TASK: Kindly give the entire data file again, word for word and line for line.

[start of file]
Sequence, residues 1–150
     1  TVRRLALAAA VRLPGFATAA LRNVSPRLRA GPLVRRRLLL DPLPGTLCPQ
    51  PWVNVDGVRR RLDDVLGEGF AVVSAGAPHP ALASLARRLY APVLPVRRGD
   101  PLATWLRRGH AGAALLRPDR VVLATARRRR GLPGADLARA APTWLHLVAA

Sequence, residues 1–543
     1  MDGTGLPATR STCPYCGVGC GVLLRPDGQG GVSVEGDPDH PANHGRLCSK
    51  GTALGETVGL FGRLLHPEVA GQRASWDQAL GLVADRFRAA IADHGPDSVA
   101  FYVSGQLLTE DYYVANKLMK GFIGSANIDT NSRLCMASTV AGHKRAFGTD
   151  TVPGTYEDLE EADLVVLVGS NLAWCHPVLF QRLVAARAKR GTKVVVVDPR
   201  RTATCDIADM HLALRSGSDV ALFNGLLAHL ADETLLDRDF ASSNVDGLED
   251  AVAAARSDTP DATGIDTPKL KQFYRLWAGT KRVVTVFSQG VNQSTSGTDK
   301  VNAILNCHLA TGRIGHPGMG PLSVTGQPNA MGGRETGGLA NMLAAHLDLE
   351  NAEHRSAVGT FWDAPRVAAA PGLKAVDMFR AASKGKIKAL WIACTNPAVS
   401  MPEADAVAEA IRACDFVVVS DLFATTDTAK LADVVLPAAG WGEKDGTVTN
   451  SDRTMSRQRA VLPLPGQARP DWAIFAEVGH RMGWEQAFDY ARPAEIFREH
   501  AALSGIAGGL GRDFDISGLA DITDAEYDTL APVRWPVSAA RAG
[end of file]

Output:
Sequence, residues 1–150
     1  TVRRLALAAA VRLPGFATAA LRNVSPRLRA GPLVRRRLLL DPLPGTLCPQ
    51  PWVNVDGVRR RLDDVLGEGF AVVSAGAPHP ALASLARRLY APVLPVRRGD
   101  PLATWLRRGH AGAALLRPDR VVLATARRRR GLPGADLARA APTWLHLVAA

Sequence, residues 1–543
     1  MDGTGLPATR STCPYCGVGC GVLLRPDGQG GVSVEGDPDH PANHGRLCSK
    51  GTALGETVGL FGRLLHPEVA GQRASWDQAL GLVADRFRAA IADHGPDSVA
   101  FYVSGQLLTE DYYVANKLMK GFIGSANIDT NSRLCMASTV AGHKRAFGTD
   151  TVPGTYEDLE EADLVVLVGS NLAWCHPVLF QRLVAARAKR GTKVVVVDPR
   201  RTATCDIADM HLALRSGSDV ALFNGLLAHL ADETLLDRDF ASSNVDGLED
   251  AVAAARSDTP DATGIDTPKL KQFYRLWAGT KRVVTVFSQG VNQSTSGTDK
   301  VNAILNCHLA TGRIGHPGMG PLSVTGQPNA MGGRETGGLA NMLAAHLDLE
   351  NAEHRSAVGT FWDAPRVAAA PGLKAVDMFR AASKGKIKAL WIACTNPAVS
   401  MPEADAVAEA IRACDFVVVS DLFATTDTAK LADVVLPAAG WGEKDGTVTN
   451  SDRTMSRQRA VLPLPGQARP DWAIFAEVGH RMGWEQAFDY ARPAEIFREH
   501  AALSGIAGGL GRDFDISGLA DITDAEYDTL APVRWPVSAA RAG